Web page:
So what about you? What's your favorite way to beat Yellow Bus Blues? Leave your ideas in a comment and inspire someone in the trenches!


blessedmomto7 said...

I love being able to call and get support from a friend ESPECIALLY with so many NAYSAYERS our there AND changing up the schedule like you said AND EVEN THINKING about what they would go through in public school is enough to get me back on track. ALSO just playing around, playing games and CHILLIN' with the kids! The beauty-YOU ARE THE TEACHER-there's NO PRESSURE-do what YOU want :)

Heather said...

cute post! it's funny because i'm at the stage right now of decided to homeschool or not and your post while a little scary, is exactly what i needed to read! i want the honest to goodness truth about homeschooling.. all the ups AND downs! atleast then i can go into it being somewhat prepared as to emotions, stress, etc. I think that will help on some sort of level once I'm in for the count! LOL. Thanks!!

Mama JJ said...

Some more suggestions: Skip school work all together and declare a week long holiday/cleaning party/bake fest/etc. Or, go visit family for several days. Or, if you're fortunate to have other homeschooling friends/family close by, arrange a childcare swap and take a break. Or leave the kids with hubby for several hours and run into town for some computer time at a coffee shop or a long walk...

Obviously, you have hit on something that I think about and deal with quite often!


Vix said...

Thank you for the webquest link!!!!

SmallWorld at Home said...

Excellent ideas! I have a post on my blog called "Combating the January Blahs" here:

Sandi (aka Mrs. M) said...

I have had day dreams of my kids riding the big yellow bus since my baby was born 3 months ago. :o)

Having a group for support has always helped me.
And accepting that the only guy who gets his TO DO list finished each day is God himself.

Beth said...

I stumbled across your blog on the RLC site, and so glad I did! I am a newbie homeschooling mom (my oldest son 5), and we are also fostering to adopt our almost 8 month old foster son. I also have a 4 year old and 2 year old daughter.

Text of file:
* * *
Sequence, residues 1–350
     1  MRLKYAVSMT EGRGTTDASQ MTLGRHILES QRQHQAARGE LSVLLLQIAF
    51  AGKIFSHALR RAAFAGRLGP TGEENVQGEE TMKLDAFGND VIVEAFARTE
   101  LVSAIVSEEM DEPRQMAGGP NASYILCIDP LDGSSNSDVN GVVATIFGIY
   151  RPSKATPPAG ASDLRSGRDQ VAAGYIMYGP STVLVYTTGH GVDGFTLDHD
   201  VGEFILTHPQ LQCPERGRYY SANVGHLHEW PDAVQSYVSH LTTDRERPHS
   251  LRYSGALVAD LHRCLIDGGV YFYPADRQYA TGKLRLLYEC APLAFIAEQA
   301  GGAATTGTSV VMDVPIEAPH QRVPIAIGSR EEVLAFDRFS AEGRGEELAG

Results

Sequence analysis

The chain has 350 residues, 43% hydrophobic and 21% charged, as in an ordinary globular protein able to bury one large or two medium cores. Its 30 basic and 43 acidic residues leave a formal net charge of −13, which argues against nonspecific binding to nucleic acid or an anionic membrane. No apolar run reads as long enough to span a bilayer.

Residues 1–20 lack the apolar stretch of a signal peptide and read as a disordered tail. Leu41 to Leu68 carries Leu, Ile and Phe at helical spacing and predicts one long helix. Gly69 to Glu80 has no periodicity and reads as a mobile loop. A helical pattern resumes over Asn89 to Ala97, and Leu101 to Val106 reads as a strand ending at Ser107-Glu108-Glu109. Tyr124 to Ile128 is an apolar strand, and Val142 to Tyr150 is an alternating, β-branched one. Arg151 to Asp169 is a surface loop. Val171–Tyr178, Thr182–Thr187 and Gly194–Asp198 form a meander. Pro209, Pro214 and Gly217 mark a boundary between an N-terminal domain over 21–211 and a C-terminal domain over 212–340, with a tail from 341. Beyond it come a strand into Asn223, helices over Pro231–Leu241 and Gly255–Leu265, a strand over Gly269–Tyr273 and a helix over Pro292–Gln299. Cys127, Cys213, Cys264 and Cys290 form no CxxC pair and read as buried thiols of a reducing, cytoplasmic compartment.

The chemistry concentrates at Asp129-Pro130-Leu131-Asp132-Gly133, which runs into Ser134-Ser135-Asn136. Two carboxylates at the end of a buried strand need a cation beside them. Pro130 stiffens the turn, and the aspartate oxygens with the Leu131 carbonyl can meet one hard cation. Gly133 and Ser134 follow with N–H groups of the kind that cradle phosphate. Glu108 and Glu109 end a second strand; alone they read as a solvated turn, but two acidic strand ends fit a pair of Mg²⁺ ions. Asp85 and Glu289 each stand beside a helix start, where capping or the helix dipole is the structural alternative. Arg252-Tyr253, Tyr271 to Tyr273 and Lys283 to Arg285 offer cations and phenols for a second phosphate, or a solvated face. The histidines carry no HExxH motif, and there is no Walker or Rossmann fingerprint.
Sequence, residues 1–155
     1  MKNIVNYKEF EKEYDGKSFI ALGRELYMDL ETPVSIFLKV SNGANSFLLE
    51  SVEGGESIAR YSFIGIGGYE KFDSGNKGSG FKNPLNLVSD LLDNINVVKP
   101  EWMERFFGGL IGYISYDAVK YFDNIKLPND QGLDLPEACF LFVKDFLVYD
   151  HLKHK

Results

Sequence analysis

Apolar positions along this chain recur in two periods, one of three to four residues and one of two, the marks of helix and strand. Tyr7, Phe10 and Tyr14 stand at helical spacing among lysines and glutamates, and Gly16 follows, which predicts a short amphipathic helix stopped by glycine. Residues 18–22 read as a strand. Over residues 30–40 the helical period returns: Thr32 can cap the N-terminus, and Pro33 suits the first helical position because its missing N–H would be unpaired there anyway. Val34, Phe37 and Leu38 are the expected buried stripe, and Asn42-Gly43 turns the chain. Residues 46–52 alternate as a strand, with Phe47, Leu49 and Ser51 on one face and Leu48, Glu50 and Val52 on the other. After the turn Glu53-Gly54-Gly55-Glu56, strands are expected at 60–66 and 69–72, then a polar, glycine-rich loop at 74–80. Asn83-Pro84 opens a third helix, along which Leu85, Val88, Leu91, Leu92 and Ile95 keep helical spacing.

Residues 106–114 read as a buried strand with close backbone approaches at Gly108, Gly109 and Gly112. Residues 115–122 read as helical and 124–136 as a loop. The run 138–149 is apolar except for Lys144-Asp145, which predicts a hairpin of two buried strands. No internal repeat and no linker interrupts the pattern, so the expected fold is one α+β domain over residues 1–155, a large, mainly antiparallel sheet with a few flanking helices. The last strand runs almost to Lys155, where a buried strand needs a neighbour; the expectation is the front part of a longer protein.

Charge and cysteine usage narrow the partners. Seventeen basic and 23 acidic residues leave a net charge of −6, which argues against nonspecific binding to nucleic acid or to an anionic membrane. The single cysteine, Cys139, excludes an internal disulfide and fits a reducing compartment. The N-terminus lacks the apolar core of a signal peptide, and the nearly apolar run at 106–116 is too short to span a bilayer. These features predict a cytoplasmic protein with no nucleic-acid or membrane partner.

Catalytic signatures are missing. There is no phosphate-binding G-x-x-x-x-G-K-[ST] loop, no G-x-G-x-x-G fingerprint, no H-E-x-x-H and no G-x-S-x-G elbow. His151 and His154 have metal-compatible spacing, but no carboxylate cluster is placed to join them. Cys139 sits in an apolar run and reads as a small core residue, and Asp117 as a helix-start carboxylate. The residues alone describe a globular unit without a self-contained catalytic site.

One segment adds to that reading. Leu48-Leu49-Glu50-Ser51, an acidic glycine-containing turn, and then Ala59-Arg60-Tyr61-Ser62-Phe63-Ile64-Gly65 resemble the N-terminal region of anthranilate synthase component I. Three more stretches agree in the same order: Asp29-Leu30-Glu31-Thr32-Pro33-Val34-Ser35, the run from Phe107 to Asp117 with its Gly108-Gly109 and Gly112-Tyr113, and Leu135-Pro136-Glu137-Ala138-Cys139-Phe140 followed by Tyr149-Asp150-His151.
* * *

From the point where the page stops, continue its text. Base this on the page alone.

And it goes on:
I'm in good ol' North Carolina (although I hail from Maryland originally). I'll be adding you to my blog role and look forward to gaining bits of wisdom :-)

I have two blogs, one that focuses on family life, and one that focuses on our adoption journey. Feel free to stop by!


Rhonda said...

Great post! We have never tried a lap book so this my just what we need. I am also ordering All About Spelling.

Kristin said...

This is great. If you need a place for listening to good quality books, check out We just listened to Understood Betsy. These are all books in the public domain read by volunteers. They are all excellent.

Frazzled Mom said...

For us, it hits in January right after all the fun of Christmas. I sent out a pre-emptive strike e-mail to our local homeschool group warning about this phenomenon and assuring them that they weren't losing their minds. Here is my blog all about burnout and another blogging friend in the same group posted these tips

Lovingmyamazinglife said...

Thats a great post,lots of good ideas.

Karen (KayKay) said...

Wonderful post! I'm sort of past those days with only one at home, but I remember them all too well. Great suggestions, many of which we actually used to do.

Robin's Reports said...

Wow, you must have been following the treat on the Homeschool Library. A mom there was just talking about the yellow bus.

Timely and relevent!!

Thanks always for your insight and creativity.
Robin of FL (no snow but it's cold and all I wanted to do today was read a book)

Benny said...

I think you had some great ideas. I also tend to bake more goodies when we're feeling like we're in a rut.

So, uh... Hey, do you want to get together and have a Valentine's craft party? ;o) I'm happy to host, that way you won't have red paper scraps on the floor for any realtor showings.


Liz said...

oh yes this is SO the case! thanks for this

Luke said...

I completely agree: Going back and walking the halls of a public school would be a great reminder of why happily dropping your children off at the bus stop is not the whole truth of the matter [smile].